Late in 2017, the State of Ohio updated its building codes. With those updates, the requirements for carbon monoxide detectors in overnight occupancies (hotels, senior care, hospitals, dorms, prisons, etc.) and K-12 schools received a major overhaul.
Essentially, if a facility burns fuel to heat, launder, cook, etc., it is required to have carbon monoxide (CO) detection. The specifics of where the detection devices are located are dependent upon the occupancy and the type of appliance. For example, if a facility has a boiler room in the basement, detection needs to be present in that room and possibly the adjoining rooms. Some other examples of where carbon monoxide may be present in overnight occupancies would be pool/spa facilities with water heated by natural gas, laundry rooms with gas dryers, and kitchens that use natural gas stoves.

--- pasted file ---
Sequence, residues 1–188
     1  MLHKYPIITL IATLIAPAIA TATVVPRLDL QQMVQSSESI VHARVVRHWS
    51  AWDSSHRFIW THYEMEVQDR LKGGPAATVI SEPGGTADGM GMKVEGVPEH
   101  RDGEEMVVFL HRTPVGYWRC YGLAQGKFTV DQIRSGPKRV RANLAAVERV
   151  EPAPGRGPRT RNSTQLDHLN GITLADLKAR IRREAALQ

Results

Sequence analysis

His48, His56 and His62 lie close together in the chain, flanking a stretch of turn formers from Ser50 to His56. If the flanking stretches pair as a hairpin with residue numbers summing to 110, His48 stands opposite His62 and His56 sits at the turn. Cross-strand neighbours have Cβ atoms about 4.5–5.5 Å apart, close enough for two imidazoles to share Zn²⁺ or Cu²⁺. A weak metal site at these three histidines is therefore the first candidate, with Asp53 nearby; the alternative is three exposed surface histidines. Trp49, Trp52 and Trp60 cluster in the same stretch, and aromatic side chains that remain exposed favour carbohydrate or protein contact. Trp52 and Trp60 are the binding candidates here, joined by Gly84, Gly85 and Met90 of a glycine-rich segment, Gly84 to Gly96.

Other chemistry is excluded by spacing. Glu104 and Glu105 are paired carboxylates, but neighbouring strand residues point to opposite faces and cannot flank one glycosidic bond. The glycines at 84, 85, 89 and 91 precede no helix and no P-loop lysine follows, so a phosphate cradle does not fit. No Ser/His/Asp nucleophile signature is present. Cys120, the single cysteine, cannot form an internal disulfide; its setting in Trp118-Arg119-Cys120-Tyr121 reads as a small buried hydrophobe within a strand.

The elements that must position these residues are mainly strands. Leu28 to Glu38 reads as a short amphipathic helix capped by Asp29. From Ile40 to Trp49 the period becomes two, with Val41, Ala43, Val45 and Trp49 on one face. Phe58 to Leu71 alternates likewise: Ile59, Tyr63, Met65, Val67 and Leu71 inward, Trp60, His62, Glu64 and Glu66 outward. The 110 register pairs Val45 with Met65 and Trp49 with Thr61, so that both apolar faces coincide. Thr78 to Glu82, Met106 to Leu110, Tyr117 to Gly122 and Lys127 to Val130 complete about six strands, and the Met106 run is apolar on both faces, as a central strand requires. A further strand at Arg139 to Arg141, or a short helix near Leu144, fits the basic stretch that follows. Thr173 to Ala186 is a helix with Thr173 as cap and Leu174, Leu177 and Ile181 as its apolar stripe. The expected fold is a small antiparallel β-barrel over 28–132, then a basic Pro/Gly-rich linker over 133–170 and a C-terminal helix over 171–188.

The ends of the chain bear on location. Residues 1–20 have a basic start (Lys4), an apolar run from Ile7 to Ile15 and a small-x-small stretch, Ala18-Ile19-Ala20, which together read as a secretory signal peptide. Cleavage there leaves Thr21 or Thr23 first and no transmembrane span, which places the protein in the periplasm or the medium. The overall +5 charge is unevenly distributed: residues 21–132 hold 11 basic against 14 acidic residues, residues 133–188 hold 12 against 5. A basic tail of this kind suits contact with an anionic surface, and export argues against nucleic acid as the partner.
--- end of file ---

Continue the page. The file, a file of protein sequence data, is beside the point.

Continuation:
Educational facilities have an added requirement that the detection of carbon monoxide be annunciated both locally AND in a supervised area. In other words, someone needs to be notified in a common, occupied area such the school’s main office, in addition to the room where the fuel is being used. Examples of areas in schools where they burn fuel could be cafeterias with natural gas appliances, science labs with Bunsen burners, and generator rooms for backup power.
For a detailed bulletin of the updated building code and CO requirements, please click here.
Even if your building is not required to have carbon monoxide detectors, they are still an important piece of safety equipment to consider. At the end of the day, carbon monoxide detectors save lives.
If you are ready to learn more about your facility’s requirements or want to take extra steps to protect your employees and visitors, Integrated Protection Services can help. Contact us today to set up a consultation about CO detectors.